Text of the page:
Post by Doris McCraw
aka Angela Raines
|Photo from Find a Grave|
Of the many things that Colorado Springs is known for, one of the most unique, given the fact that Colorado Springs sits in a High Plains desert, is that one Col. George De La Vergne had a series of fish ponds.
An article in the local paper, Colorado Springs Gazette, from March 27, 1879, discussed visiting his business. The following is a description of the reporter's visit to these ponds.
"We first saw a pond in which there were about 70 mountain trout, caught by the Col. himself in the mountains, and brought to this place. Other ponds contained about 200 more of these trout. Most of these are two years old, and of good size for eating, but they will be kept for reproducing purposes. They reproduce very rapidly, one female trout laying at least 500 eggs. Near the mountain trout is a hospital where the sick trout are successfully treated on allopathic principles.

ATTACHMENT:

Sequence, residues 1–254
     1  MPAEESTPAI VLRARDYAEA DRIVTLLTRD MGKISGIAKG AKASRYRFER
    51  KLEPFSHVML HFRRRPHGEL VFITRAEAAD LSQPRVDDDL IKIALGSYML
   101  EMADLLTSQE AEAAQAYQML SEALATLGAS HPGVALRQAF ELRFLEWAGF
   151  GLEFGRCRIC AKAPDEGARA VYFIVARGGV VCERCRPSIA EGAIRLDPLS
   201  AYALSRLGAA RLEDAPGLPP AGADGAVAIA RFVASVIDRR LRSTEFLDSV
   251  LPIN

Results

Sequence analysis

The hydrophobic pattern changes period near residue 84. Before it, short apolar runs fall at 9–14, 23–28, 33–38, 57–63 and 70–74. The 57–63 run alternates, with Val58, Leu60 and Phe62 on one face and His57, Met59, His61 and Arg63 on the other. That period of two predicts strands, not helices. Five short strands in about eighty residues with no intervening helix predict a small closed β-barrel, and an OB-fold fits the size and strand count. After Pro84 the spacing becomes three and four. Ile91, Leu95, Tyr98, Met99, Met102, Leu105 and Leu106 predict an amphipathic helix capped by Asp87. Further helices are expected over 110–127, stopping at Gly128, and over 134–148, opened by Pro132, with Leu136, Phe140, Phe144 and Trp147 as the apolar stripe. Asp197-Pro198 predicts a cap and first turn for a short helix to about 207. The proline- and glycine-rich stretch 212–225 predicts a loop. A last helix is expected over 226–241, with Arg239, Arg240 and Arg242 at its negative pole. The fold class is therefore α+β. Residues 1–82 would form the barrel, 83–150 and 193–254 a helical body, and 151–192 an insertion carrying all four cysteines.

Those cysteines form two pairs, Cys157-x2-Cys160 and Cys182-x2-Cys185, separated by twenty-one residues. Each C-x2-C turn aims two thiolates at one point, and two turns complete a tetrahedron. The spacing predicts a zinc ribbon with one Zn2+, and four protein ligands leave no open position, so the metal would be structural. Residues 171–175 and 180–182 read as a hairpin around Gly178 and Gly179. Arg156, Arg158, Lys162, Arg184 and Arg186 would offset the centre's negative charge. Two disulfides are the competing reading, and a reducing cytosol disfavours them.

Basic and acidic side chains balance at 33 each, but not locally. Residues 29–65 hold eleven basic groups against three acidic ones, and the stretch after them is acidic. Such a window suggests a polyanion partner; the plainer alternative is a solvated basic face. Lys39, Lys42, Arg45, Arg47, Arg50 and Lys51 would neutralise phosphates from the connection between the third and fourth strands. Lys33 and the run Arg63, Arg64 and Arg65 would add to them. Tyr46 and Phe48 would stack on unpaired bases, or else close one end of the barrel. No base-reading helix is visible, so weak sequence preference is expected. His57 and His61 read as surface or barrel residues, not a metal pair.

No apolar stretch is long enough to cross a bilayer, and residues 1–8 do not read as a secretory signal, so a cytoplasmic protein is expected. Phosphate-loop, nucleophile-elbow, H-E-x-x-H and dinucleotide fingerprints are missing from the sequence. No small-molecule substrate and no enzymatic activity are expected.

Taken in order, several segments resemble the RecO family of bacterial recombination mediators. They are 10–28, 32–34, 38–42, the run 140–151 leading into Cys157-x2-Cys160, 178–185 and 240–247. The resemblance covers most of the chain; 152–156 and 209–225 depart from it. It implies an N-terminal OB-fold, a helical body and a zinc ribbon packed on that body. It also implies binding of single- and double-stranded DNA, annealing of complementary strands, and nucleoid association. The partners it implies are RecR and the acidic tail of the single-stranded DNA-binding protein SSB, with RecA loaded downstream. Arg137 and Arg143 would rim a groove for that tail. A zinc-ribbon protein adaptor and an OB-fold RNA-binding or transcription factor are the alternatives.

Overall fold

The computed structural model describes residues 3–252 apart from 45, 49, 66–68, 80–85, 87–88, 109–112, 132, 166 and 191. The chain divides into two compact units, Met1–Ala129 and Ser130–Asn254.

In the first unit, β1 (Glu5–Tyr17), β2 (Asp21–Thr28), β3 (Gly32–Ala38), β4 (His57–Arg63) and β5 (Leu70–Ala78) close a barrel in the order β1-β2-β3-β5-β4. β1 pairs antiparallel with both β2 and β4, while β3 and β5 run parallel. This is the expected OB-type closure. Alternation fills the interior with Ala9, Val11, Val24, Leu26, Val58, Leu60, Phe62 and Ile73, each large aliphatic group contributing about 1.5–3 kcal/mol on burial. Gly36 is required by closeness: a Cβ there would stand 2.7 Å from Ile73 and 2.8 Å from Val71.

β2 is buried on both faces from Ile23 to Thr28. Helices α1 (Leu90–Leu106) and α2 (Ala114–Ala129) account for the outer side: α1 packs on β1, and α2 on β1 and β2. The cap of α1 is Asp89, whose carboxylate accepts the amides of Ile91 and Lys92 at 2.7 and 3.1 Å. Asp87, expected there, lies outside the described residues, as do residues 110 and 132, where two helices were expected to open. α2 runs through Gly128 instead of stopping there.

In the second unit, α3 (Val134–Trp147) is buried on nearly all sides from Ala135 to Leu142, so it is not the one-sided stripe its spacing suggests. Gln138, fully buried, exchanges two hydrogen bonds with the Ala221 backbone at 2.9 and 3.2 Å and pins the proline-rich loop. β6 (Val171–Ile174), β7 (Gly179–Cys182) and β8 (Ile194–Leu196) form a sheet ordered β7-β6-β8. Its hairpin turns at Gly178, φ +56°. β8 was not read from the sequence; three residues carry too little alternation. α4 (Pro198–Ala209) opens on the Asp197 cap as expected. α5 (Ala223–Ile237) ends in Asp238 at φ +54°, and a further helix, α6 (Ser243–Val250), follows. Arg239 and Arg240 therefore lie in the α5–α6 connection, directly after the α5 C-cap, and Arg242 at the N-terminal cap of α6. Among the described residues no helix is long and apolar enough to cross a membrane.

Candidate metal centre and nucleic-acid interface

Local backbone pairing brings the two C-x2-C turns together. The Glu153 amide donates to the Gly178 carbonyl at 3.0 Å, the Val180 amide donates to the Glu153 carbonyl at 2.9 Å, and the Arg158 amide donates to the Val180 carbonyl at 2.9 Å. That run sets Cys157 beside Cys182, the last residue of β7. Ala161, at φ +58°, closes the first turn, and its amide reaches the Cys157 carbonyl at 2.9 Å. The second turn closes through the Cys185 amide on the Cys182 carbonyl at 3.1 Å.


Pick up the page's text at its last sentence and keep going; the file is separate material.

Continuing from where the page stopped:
A little distance off are three other ponds containing about 1300 brook trout which were bought a few months ago in Denver from a party who had brought them from the East. The brook trout are decidedly the "gamest" of the trout species. We were much interested in seeing them partake of a little lunch of beef liver. Some of them would jump clear out of the water to grab a piece held over the water, while over the long pieces there would be a terrific struggle for full possession between two or three trout who might have hold of it.
Next we went into the nursery, a covered stone building, which was filled with youngsters. There were about 55,000 baby brook trout and 3,500 Lake Trout. It will be about two years before these fish will be large enough to send to market."
Col. De La Vergne was born in New York on October 18, 1800. He died in Colorado Springs, CO. on January 15, 1893, of pneumonia. In his lifetime De La Vergne was more than just a fish farmer, but for Colorado Springs, this was an interesting way to make money.
His son, Edward Morton De La Vergne, is known as one of the first men to invest in what became the Cripple Creek Mining District. His story will follow later.
Until Next Time Stay Safe & Stay Well